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Saturday, April 07, 2007


What on earth is an Atheist doing in a seminary? And well you might ask ...

This last post was written while I was serving as a member of the Board of Trustees at Starr King School for the Ministry, a member of the Graduate Theological Union (GTU) on the border of the University of California, Berkeley, campus. One of the privileges of serving was the opportunity to join graduate students studying theology at any time during one's tenure and as often as one felt the urge to do so. It was not for the purpose of monitoring classes, but fulfilling the duties required of all students -- by completing reading assignments and taking part in discussions and seminars for a full semester. A typical class might involve 12-14 students plus a professor or two.

The GTU is a consortium of schools and seminaries clustered in an area called "Holy Hill" just north of the UC campus. There are more than a dozen religious institutions sharing classes and an amazing library in common, and whose students study together, ecumenically, though registered formally in his/her own schools. Sitting in a study group with Buddhists, Jews, Franciscans and Jesuits, priests-in-training and nuns, Episcopalians, Baptists, Wiccans, United Methodists, Presbyterians, yes, and Unitarian/Universalists, etc., is a very ordinary state of affairs. Some students would be studying for parish ministries while others were preparing for moral leadership in a variety of settings, including public service, prison chaplaincies, or legislative practice from a position of conscience.

The GTU/Starr King experience was rich beyond measure, and fulfilled an insatiable hunger for spiritual inquiry in an environment of total acceptance and respect. I could probe and test and wonder in a place where there were no intellectual or spiritual boundaries.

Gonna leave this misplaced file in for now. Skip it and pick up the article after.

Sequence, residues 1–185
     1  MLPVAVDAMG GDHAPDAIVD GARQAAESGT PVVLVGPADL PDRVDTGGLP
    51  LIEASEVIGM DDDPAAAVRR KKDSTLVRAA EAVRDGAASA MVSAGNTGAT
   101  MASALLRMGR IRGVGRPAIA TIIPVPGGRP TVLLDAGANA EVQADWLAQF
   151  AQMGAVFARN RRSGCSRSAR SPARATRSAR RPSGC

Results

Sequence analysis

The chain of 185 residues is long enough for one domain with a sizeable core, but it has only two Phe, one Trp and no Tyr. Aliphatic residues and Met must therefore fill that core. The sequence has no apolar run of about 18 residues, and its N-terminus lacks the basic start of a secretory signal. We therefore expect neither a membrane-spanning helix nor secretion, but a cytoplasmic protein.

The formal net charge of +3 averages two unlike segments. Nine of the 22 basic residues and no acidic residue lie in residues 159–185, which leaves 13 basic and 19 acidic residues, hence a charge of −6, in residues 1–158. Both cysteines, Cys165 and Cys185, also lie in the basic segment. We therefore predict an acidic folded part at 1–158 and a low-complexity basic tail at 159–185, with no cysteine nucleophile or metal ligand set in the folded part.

I miss the mental stimulation that I now must find elsewhere ... but I must admit that the Internet has afforded me some extended trips into realms I never dreamed I'd get to explore.

...maybe I'm missing my Unitarian Universalist connections, though, but -- on the other hand -- maybe I'm simply responding to the fact that tomorrow is Easter, and I have my fancy hat but no place to go ... .

That's the problem with Atheism and Humanism; no Easter hat tradition!



Cleaning out the files, again, while responding to the reawakened effects of Good Friday, I suppose ... (once a Catholic ...)

Subj: Re: At the Schoolhouse
Date: 97-10-15
From: CBreaux

Fascinating class at Starr King School for the Ministry today. We were still dealing with Breech's "The Silence of Jesus" (and I had not read the assigned pages) and everyone was filled with questions about the symbolism represented by the parables. My head was still back with Hawking; and the interesting ways those images of the nebulae have been playing against the back of my eyelids all week ... .

Not sure how my mind made the leap, but at some point in the discussion I found myself realizing that -- despite my atheism -- I really have no particular quarrel with either the Jesus-centered stories or with any of the prophets that time has delivered to different places at different times in history. At some subliminal level I must have found that the only times I have trouble with organized religion and theocratic dogma are those times when I've forgotten that the historic Jesus may have been less teacher than seeker, as I am -- as we all are, and that the important thing for me is to try to discover is just what it is that I already know, and that when that great truth (for me) is revealed, it is my suspicion that it will be elegantly simple and that I'll realize that I've known it all along. ("The kingdom of God is within you?")